Wednesday, September 10, 2014

When Panic Subsides

'Sometimes I do what I want to do. The rest of the time, I do what I have to do' - Cicero
The Gladiator (2000)

Buffer's are important because they let you focus on what matters to you. I spoke about Maslow's Hierarchy in 'No Pudding Without Creativity'. The stuff that counts is higher up, but the stuff you do first is at the bottom. If you are worried about what you are going to eat today, where you are going to sleep, or whether someone is going to kill you - you do what you have to do.

We don't really have free choice in the sense that we can do whatever we want. We can do whatever we want with the situation we are in and the tools we have at hand. We tend to underestimate those tools and what we can do, but we can't really use them if we are living hand to mouth. Without a buffer, noise matters. You have to deal with every situation and in a very real way, every day becomes the boss of you.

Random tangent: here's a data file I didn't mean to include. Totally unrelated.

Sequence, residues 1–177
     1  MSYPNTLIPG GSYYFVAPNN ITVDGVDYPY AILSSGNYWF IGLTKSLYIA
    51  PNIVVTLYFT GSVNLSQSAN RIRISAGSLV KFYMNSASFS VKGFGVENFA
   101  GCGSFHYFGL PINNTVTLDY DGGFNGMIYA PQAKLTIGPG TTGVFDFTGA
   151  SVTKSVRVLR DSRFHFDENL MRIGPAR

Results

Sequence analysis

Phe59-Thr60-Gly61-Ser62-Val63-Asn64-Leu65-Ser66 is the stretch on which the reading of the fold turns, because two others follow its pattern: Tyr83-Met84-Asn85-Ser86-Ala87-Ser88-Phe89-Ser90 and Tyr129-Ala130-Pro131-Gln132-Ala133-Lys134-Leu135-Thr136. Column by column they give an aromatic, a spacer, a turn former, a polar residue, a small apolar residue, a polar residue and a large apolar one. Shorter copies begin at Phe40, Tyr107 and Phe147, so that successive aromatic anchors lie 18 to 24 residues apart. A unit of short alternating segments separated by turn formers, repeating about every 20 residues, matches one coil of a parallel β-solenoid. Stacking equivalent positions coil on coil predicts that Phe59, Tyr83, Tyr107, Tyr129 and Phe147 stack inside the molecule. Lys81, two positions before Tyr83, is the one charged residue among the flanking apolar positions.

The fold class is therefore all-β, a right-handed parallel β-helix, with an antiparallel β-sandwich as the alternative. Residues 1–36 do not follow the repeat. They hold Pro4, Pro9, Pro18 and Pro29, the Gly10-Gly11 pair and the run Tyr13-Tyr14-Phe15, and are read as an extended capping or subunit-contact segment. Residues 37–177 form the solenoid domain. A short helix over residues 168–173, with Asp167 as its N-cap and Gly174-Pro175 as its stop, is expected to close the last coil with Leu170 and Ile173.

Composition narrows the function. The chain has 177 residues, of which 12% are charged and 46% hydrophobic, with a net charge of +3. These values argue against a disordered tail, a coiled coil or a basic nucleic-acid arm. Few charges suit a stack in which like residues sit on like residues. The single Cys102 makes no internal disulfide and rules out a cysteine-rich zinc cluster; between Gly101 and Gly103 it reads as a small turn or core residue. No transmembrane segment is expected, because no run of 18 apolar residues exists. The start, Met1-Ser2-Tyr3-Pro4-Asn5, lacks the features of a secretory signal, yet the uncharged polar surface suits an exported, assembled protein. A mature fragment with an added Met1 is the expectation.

The extreme example of being able to ignore noise are the uber wealthy like Warren Buffet. Here are a couple examples of 'Noise' that doesn't really matter (Yes, $1bn can become noise):

This noise doesn't matter to Mr Buffett because it doesn't affect the food he puts in his mouth, the roof over his head, or the woman he gets to kiss. He has a rather large buffer. It doesn't have to be that big though. You just have to think of the things that can blow you out of the water (what would happen if you got disabled? Buy a buffer with disability insurance) and protect against them, and then live beneath your means for long enough that you don't have to panic about the next few years. Effectively, so you get to the point where you are 'self-insured' against the noise.

When panic subsides. When you breathe properly. When you open your toolbox and see what else is available.

You make good decisions.


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